Unhosted web apps

The Unhosted project offers a new path for web development that is technically and socially significant. The key idea is: browser-based apps with no server-side backend. This is done using standardised remote-storage with various new web/browser features (WebStorage, CORS, WebFinger,OAuth). The result: first, it unifies development work into the browser; second, it shifts the balance of control of data toward users. It also leads to a web not of pages but general data.

Posted by HXA on 4th November 2012.

Federated Wiki - the next evolution of the wiki

Ward Cunningham, inventor of the wiki, has extended his original ideas and built a working prototype known as the 'Smallest Federated Wiki'. It is open source and there are Ruby or Node versions. For more information see ( was the first wiki to appear, it was developed by Cunningham and is about programming).

Posted by Mark on 14th September 2012.

Node.js - Javascript for back-end development

See The project is immature but seems to be going somewhere; even Crockford blesses it. Node utilises server resources very efficiently and is suitable for developing lightweight networked server processes. It may affect mainstream web development by encouraging a move away from the 'serving pages' model. Node's programming model (event-driven I/O) can have its difficulties but oddly enough front-end developers familiar with Ajax applications may find it quite natural.

Posted by Mark on 14th September 2012.

Javascript ecosystem flourishes

River Trail is a javascript engine that supports data parallel processing. Emscripten allows programs written in many languages to be translated into Javascript. WebGL lets browsers use 3D graphics hardware acceleration. WebRTC enables video/audio/data streaming directly between browsers. Web workers support multithreaded Javascript on the browser. Web Sockets provide efficient low level browser/server network connections. Web apps may soon use cameras, audio, GPS and others.

Posted by Mark on 14th September 2012.

Programming language choice

Small languages are the true way. For low level control of the machine - C or perhaps a very limited subset of C++. For large projects, Go seems like a better choice than C# or Java; fast compilation, built-in concurrency and an interesting way of using interfaces instead of classical style object orientation. For web development Javascript can be used on both client and server and has dynamic typing, nestable key/value pairs, first class functions, closures and prototypical inheritance.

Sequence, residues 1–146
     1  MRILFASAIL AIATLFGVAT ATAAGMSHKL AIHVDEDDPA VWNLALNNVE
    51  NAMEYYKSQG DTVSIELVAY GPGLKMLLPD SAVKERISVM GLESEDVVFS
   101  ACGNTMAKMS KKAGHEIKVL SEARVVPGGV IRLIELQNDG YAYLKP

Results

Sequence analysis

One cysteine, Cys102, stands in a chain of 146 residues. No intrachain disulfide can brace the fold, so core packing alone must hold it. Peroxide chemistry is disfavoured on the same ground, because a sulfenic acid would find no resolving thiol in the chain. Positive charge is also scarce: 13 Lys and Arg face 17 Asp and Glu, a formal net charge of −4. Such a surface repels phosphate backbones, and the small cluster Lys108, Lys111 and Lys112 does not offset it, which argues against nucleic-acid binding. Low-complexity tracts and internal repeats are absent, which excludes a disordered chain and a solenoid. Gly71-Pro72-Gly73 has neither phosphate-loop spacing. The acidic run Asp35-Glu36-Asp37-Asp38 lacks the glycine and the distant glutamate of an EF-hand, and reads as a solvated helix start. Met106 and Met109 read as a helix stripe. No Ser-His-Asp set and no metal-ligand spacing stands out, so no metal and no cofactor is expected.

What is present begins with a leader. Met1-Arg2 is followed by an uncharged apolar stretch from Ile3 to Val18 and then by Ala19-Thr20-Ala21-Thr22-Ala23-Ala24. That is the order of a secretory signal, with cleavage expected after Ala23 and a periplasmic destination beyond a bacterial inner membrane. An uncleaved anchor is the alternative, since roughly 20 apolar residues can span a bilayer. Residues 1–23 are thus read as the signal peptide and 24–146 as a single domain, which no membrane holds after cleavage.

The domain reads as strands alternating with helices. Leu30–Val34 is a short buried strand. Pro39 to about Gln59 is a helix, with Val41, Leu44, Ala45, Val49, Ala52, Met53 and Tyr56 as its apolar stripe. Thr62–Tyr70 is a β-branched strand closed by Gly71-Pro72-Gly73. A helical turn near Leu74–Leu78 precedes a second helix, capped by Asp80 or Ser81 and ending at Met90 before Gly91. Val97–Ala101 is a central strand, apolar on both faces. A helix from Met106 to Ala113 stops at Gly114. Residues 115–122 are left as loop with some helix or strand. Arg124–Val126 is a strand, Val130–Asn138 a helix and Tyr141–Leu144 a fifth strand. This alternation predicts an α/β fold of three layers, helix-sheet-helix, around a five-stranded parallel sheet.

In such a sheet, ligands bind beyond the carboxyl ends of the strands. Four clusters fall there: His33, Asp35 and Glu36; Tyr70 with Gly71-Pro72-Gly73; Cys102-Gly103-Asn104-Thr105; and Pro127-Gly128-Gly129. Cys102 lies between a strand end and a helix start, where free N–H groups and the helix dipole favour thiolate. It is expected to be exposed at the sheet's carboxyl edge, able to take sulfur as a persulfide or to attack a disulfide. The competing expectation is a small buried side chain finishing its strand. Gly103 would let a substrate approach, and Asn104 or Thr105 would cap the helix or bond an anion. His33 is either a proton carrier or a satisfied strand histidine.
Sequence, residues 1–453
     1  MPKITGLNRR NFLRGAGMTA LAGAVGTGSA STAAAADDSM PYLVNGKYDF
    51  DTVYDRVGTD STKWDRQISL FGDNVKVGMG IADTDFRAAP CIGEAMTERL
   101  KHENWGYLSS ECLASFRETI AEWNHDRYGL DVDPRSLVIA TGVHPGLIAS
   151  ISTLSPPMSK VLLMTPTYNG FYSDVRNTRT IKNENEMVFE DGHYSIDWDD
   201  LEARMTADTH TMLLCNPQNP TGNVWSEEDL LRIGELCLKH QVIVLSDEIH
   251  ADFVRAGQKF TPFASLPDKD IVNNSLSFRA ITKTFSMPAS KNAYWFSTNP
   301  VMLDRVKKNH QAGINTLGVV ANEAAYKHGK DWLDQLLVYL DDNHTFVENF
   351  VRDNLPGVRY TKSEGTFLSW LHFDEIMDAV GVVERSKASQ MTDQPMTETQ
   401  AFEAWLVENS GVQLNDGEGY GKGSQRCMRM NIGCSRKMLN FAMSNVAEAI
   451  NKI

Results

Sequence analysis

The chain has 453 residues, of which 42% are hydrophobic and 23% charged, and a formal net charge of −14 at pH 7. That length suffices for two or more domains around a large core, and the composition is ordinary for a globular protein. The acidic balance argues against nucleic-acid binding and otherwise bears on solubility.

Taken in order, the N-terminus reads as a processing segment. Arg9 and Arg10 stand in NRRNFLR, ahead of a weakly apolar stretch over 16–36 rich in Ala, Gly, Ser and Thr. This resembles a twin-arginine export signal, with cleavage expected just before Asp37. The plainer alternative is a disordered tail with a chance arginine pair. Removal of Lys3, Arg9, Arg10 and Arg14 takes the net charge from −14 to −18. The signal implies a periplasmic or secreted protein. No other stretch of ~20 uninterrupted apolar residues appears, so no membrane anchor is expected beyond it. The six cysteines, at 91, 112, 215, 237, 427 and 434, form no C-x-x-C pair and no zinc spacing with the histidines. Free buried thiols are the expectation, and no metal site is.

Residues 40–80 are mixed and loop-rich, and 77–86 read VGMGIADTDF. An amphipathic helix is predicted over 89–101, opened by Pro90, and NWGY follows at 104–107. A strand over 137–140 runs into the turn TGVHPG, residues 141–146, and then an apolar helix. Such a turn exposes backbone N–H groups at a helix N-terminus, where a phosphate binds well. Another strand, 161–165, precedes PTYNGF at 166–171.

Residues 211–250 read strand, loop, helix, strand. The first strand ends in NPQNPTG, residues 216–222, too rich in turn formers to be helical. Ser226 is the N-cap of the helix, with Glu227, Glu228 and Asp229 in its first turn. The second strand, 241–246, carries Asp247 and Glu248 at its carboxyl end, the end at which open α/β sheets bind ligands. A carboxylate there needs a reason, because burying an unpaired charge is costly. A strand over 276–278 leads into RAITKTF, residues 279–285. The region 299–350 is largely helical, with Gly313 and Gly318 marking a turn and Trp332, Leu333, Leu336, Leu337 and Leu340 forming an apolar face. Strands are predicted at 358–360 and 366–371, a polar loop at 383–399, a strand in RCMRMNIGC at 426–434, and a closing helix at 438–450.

Posted by Mark on 14th September 2012.

The Mother of All Demos

Douglas Engelbart, demonstrating the NLS system at a conference in 1968. It shows the results of revolutionary research concerning the use of computers to 'augment collective human intellect', conducted at SRI in the sixties. Many technologies are shown including the mouse, hypertext, video conferencing and real-time collaboration. Some aspects of the system are not widely available, even 40 years later.

Posted by Mark on 14th September 2012.

Xanadu Space

Ted Nelson discusses the limitations of current technology for managing documents and demonstrates XanaduSpace. Nelson's Xanadu project, which has been running since 1960, is notable for its ideas, but has not led to their wide adoption. See also a playlist for Nelson's 'Computer for Cynics' or a fairly complete list of all his videos.

Posted by Mark on 14th September 2012.

Inventing on Principle

Bret Victor shows a system for interactively visualising the execution of a program. His website contains some interesting material on user interface design and data visualisation. Also see his presentation about the future of programming.

Posted by Mark on 14th September 2012.

Normal considered harmful

Alan Kay gives a talk on research and innovation with a historical perspective. See also his talk on the history of computing.

Posted by Mark on 14th September 2012.